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People Who Invaded Russia and Failed

Russia is and traditionally was one of the Great Powers of Europe, Russia’s ruler whether it was called the Tsar, the General Secretary of the Party, or President were and still are important political players.

As it is always the case disputes arise in politics, the interests of two sides are often different, in modern times countries try to resolve these issues peacefully, in the pre WWII era however oftentimes disputes were decided by force of arms.

Charles XII

One famous enemy of Russia was Charles XII, King of Sweden, a military prodigy who was one of the best generals of his age. During the Time of Troubles in the early 17th century Russia lost its access to the Baltic Sea. Sweden rose to become the greatest power of the Baltic and controlled most of the key ports of the area.

When the ambitious Peter the Great became the ruler of Russia he knew that his country cannot remain landlocked. When the King of Sweden died and was followed by his 15 years old son all the neigbhours of Sweden ( Denmark-Norway, Poland-Lithuania and Russia) were preparing to attack Sweden.

Unfortunately for them Charles XII turned out to be a great general and defeated Denmark, and smashed Peter’s army at the Battle of Narva. He than turned against Poland-Lithuania and in a long war deposed King Augustus and put his own puppet on the throne. With only one enemy left standing Charles invaded Russia with an army of 40,000 men, he marched into the country, however thanks to the Russian scorched earth tactics he could not march on Moscow, but was forced to wait for a second Swedish army which was coming up with reinforcements and supplies. Unluckily for Charles this army was attacked en route, it was defeated and lost most of its supplies.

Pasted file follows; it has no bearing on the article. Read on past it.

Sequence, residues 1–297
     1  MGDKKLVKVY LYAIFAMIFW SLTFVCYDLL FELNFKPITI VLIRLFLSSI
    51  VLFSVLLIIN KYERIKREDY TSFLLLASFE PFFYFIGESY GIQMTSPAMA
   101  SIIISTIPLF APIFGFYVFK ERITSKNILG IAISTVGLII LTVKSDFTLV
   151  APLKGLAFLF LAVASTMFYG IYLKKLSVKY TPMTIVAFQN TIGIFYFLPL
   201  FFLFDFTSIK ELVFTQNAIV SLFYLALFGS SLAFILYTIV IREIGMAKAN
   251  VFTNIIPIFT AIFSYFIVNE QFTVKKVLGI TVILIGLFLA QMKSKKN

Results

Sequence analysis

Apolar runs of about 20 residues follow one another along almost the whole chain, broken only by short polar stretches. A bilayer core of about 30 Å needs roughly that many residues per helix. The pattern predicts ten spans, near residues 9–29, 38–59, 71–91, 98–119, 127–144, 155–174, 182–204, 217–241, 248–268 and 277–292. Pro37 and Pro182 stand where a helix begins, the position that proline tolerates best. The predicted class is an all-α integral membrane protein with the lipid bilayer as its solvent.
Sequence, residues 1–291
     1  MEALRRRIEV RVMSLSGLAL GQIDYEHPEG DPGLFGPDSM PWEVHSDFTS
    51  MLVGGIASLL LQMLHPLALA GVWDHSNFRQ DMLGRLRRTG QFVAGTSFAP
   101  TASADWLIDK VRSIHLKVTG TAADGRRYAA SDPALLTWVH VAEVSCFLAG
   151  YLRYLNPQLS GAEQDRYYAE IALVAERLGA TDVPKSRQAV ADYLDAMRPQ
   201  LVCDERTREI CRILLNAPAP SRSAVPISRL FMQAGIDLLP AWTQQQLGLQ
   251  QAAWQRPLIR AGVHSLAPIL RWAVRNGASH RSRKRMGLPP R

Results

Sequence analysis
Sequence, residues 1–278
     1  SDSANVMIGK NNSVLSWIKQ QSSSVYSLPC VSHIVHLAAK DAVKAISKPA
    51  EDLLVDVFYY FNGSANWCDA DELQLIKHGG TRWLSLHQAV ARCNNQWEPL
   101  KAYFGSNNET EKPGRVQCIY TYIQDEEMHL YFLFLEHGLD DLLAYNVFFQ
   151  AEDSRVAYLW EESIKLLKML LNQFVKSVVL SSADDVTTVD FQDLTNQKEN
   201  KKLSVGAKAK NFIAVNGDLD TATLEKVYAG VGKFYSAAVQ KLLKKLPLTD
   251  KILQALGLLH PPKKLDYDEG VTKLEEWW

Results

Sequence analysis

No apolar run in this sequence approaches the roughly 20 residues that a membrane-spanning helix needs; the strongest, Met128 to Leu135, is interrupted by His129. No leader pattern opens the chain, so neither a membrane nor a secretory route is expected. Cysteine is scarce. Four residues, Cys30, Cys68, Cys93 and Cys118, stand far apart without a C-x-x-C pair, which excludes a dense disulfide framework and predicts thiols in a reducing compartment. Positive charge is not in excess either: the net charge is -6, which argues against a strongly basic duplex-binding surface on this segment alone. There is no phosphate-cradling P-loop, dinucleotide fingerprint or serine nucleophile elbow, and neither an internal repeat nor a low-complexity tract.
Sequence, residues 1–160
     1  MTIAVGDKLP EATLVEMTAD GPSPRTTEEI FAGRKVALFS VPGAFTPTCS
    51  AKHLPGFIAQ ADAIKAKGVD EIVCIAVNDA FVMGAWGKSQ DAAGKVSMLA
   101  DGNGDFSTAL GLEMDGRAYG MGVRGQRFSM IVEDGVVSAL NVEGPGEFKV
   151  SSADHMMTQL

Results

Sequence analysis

When the battered remnants of the second army joined him he moved to Ukraine where he hoped to use the Cossack rebellion to his advantage. Cossack support was nowhere near as strong as he would have needed, to make matters even worse the winter of 1708-09 was one of the harshest ever. By spring 1709 his army was badly depleted. Still he decided to face Peter’s bigger army at Poltava only to be defeated by the Russian’s, after the defeat he was forced to flee to the Ottoman Empire, where he spent 5 years, trying to convince the Sultan to attack and destroy Peter.


Napoleon Bonaparte was the greatest military mind of his generation, his Grand Armee defeated coalitions of European nations who attacked France. Yet despite all his brilliance Napoleon also failed to defeat Tsar Alexander in 1812.

Napoleon fought the Russians during the Wars of the Third and Fourth Coallitions and defeated them both times, although the battles against the Russians were sometimes very costly. After the War of the Fourth Coallition Napoleon forged an alliance with Tsar Alexander, the Tsar even accepted to cooperate in Napoleon’s Continental System. However despite the personal liking the two rulers shared the different interests of their states led to a cooling down in the Russo-French relations.

By 1812 Napoleon the alliance was dead and Napoleon decided to invade Russia. Napoleon assembled a massive army of over 600,000 men, the Russians intially had a lot less men than Napoloen and chose to avoid pitched battles. The huge number of soldiers was more a hinderance for Napoleon in hindisight, his army moved too slowly and thus they were unable to encircle and destroy the Russians. Napoleon’s army was already badly decimated during the summer months, lack of food and desease meant that he lost soldiers and horses in the thousands.